Auto gain control for mics

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This topic contains 5 replies, has 3 voices, and was last updated by Profile photo of Brian Brian 4 days, 23 hours ago.

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  • #103945
    Profile photo of Crwoo
    Crwoo
    Participant

    We need auto gain control for loud and not-so-loud speakers on the Avantis.
    Even slower attack and release times for the compressor would help. Lets say option for 10 second attack and release times would essentially do the same thing.

    If this is already in place, i would like to know how you handle AGC on the Avantis.
    Thank you

    #103946
    Profile photo of SteffenR
    SteffenR
    Participant

    We need auto gain control for loud and not-so-loud speakers on the Avantis.

    you could hire a technician for this, who is willing to do his job, at least to move the faders a bit…

    Lets say option for 10 second attack and release times would essentially do the same thing.

    Maybe you don’t know anything about compressors…
    10 sec attack will lead to no compression or gain control at all

    #103947
    Profile photo of Crwoo
    Crwoo
    Participant

    Not helpful at all. Any help is appreciated.

    There are AGC modules available for processors for a reason.

    If a sound goes over a certain threshold, the sound would be compressed until it does not go over the specified threshold for 10 seconds.

    #104021
    Profile photo of Brian
    Brian
    Participant

    If a sound goes over a certain threshold, the sound would be compressed until it does not go over the specified threshold for 10 seconds.

    That would be a compressor “hold” time that you are looking for. Steffen is correct that a 10 second attack time would result in very little compression being applied (if any at all). I will add that if you want to have any compressor setting (attack, release, hold) with that long of a time, you are likely using the compressor incorrectly and using shorter time settings would actually achieve your sonic goals while sounding more natural.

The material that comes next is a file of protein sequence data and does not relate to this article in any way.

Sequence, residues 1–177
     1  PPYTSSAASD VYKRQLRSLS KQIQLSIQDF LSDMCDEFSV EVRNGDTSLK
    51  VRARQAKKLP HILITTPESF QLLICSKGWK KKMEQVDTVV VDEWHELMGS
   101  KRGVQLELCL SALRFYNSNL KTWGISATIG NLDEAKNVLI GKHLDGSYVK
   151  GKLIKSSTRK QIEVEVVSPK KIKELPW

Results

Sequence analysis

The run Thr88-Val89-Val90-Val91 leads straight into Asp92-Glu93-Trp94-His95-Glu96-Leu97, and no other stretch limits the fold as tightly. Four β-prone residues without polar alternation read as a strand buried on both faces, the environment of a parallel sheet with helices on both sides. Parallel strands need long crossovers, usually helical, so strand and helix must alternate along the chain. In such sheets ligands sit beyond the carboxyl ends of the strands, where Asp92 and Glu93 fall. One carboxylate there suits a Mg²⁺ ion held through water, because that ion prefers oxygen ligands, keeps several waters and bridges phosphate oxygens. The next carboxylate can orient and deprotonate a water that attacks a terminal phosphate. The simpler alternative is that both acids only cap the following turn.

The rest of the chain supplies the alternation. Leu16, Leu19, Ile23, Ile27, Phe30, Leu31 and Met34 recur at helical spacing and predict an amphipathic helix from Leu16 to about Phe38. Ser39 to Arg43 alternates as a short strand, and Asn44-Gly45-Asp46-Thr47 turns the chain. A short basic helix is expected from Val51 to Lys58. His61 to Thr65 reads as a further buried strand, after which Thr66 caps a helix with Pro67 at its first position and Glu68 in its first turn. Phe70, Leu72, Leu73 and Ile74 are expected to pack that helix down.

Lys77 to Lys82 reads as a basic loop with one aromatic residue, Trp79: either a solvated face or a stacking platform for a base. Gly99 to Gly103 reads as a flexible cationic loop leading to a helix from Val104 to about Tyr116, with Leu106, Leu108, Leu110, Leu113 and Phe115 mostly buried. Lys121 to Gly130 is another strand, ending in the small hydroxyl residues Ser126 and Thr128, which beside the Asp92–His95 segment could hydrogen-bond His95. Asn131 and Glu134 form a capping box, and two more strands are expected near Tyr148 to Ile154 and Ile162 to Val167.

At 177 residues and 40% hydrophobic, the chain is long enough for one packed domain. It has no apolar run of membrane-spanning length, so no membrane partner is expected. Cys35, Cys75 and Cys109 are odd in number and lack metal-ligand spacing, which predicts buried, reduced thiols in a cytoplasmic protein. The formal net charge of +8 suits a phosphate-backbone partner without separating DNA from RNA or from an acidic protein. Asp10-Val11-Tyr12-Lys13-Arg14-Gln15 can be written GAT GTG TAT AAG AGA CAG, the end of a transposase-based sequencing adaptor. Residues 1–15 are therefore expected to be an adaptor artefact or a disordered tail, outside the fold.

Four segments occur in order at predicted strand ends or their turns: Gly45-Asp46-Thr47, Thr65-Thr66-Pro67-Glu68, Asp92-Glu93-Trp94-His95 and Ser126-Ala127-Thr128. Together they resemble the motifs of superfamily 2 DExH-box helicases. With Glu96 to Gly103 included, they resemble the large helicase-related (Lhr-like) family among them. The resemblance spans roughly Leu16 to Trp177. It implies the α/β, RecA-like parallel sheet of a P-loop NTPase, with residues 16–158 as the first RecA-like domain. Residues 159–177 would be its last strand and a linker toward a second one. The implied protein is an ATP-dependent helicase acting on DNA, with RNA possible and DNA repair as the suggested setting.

The Avantis has an Automatic Mic Mixer (AMM) that can be turned on and off. It should only be used for spoke word however – like a group panel discussion. It is not designed to be a replacement for a qualified sound engineer when that is needed.

    #104029
    Profile photo of Crwoo
    Crwoo
    Participant

    True, if you set the attack time to 20 seconds, the compressor wouldn’t work. But if you set the attack time to 1 second and the release to 20 seconds, it would essentially be the same thing as a auto gain control.

    I do not feel that we need to have someone with fingers on the faders for such a simple thing as raising or lowering volume a bit between the ~45 minute speakers.
    I should look into AMM, but I didnt think it was meant for one microphone.

    #104051
    Profile photo of Brian
    Brian
    Participant

    I still think you need to read more about how compression works. There is zero reason (that I can think of) why you would want a compression setting with such long times. Perhaps you don’t understand that the release time only starts once the input’s volume as dropped back below the threshold. If the input has an attack and release time both set for 20ms and the input is above the threshold for 30 seconds, the compressor works for 30 seconds before releasing in 20ms once the volume drops below the threshold.

    There would be no reason to try to hold the compression for an additional 10 seconds after the volume drops below the threshold. This would artificially lower the volume well past the point that the actual volume dropped down. It would definitely create wild volume changes that would sound wrong to anyone listening.

    You are right that the AMM is designed to work with multiple inputs and simply lowers the volume of the inputs with weaker signals. It doesn’t do any automatic gain control like you are wanting.

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